How to distribute the golden ticket

April 25th, 2012 1 comment

The system worked…kind of

WWDC sold out in 2 hours, which was completely expected and shouldn’t have been a surprise to anyone. You almost certainly got a ticket if you met both of these conditions:

  • Got pre-approval from your boss (or your spouse) to buy tickets when they went on sale. This might be a problem at some companies, but if you knew WWDC was coming and got your manager to sign off on it in advance then you were set.
  • Set up an alerting system to notify you when tickets went on sale. If you relied on Apple’s email, you were out of luck. Mine arrived 4 hours after WWDC sold out. If you were awake and watching Twitter, you were likely fine as well. What about all the sleeping beauties on the West Coast? If WWDC was important to you, you could have signed up for a (free) monitoring solution like Pingdom, which worked great. And yeah, for the past couple weeks, left your ringer on when you go to sleep.
  • If you didn’t meet these two conditions, you probably didn’t get a ticket. Apple only sells 5000 or so, and they are non-transferrable, which kills scalping. You have scarcity in a non-market environment. The result is a lot of disappointed people.

    There are a lot of potential solutions floating around, but they all have problems.

    First of all, one non-solution. WWDC can’t be made bigger or split into multiple conferences. WWDC is put on by working Apple engineers, and these folks’ day jobs are writing actual code for Apple, not putting on multiple conferences each year. As for enlarging the conference, you would lose the direct interaction which is an essential part of the event, and on a practical level, there’s no much larger it could get and remain in San Francisco, even if it took over all of Moscone.

    So let’s assume it will be one conference with 5000 or so attendees. The three most popular ideas for improving the ticketing process all have problems:

  • Let the free market work – in other words, no restrictions on resale. How did this work last time you saw your favorite popular band? I doubt Apple would enjoy seeing massive scalping, or the purchasing of tickets by non-developer speculators for resale. The only plus of a market solution would be that if you really wanted a ticket and money was no object, you’d get one.
  • A lottery – This is both the fairest and most unfair system. Fair because everyone has a shot, and unfair because luck is a cruel mistress and a lottery doesn’t take into account how much a particular developer or company really needs to attend. The element of randomness with a lottery doesn’t lend itself to business planning.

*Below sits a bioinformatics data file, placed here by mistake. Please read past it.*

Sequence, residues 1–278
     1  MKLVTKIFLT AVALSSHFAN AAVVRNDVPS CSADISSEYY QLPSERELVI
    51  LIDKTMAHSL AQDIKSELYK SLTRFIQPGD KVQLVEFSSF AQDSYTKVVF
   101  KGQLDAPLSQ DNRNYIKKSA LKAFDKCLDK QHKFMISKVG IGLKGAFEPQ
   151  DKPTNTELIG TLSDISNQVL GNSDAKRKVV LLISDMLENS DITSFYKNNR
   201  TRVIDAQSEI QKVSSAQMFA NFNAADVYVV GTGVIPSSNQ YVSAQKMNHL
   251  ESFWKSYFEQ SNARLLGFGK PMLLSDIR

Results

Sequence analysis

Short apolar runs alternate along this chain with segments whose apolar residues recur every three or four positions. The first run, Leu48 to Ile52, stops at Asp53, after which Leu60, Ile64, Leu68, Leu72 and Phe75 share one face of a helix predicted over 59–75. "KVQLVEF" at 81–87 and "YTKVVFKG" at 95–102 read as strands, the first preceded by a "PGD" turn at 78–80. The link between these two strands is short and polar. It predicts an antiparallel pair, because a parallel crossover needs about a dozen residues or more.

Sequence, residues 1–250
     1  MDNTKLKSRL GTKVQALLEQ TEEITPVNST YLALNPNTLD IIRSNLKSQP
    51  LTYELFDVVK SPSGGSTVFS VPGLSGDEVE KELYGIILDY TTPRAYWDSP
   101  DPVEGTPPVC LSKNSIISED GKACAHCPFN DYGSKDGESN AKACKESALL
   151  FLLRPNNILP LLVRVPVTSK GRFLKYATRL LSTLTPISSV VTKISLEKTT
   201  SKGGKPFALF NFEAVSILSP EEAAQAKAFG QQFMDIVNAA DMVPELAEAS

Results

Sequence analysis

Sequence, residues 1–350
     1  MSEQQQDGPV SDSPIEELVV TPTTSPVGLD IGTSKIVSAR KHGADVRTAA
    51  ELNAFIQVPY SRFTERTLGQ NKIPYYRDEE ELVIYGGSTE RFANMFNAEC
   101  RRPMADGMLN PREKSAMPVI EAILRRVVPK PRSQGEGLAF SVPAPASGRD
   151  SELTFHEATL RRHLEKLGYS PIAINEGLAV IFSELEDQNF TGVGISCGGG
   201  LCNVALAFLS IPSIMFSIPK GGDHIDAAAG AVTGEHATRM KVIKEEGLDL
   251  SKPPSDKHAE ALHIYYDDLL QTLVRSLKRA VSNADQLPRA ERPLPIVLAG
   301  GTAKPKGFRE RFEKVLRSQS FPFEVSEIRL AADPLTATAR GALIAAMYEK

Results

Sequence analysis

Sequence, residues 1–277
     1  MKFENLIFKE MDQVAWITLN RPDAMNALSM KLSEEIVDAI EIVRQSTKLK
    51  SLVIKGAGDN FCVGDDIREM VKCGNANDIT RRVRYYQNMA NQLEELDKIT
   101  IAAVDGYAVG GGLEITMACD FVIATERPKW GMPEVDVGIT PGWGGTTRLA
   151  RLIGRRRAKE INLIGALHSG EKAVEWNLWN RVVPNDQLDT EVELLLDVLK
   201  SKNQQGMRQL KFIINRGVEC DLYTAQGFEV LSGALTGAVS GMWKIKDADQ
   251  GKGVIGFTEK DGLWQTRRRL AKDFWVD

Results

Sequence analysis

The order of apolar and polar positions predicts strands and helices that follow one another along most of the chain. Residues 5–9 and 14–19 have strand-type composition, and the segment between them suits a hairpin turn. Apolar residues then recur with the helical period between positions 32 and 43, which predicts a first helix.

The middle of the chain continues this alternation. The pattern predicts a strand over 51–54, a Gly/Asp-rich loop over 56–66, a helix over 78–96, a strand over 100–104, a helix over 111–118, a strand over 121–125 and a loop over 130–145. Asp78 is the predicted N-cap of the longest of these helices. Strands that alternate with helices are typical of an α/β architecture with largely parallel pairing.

• An application process – You have to apply to attend and Apple decides who is worthy of coming, based on criteria such as your company, what apps you’ve developed, whether you’ve attended in the past, and so on. This might be more fair for established developers, but we all know how awesome Apple’s App Store curation has been. An opaque system for admitting developers to WWDC would be like applying to some elite college. Even if the acceptance criteria was made public, this system would be unfair to new developers or up-and-comers.
  • So what might an semi-realistic alternative distribution system for WWDC tickets look like?

    There probably isn’t a good one…just keeping things as they have been is probably the way things will muddle through. But, perhaps if we combine aspects of the three alternatives somewhat of a better process could be developed.

    I am thinking of something that combines the lottery and application process.
    Developers would apply in advance for the chance to buy tickets (one application per developer). An application would require membership in one of the paid developer programs, and would cost additional money to apply (which would go towards the ticket cost if you got in and refunded if you didn’t). As part of the process, Apple would see what company you were from and what apps you’ve developed, but this is not a merit-based” application.

    For 4000 or so of the 5000 tickets, Apple would distribute tickets randomly among all applicants. If you “won” you would have a chance to buy a ticket, good for a certain period. You could not resell or transfer a winning ticket; if you can’t go, then you would decline and the ticket would go back into the pool.

    The remaining 1000 or so tickets would be for Apple to use for a “second chance” distribution. These would be for hardship cases – I am thinking of situations where say a large company has 10 applications and doesn’t win a single ticket, they could appeal and perhaps be granted a second chance ticket so at least one of their developers could attend. These second chance tickets would also be available for developers based on merit; you appeal to Apple, “show your work” so to speak and can possibly get a ticket. This wouldn’t be perfect but would give deserving devs who are unlucky a chance to get in. To discourage people skipping the first round, these second chance tickets would be somewhat more expensive.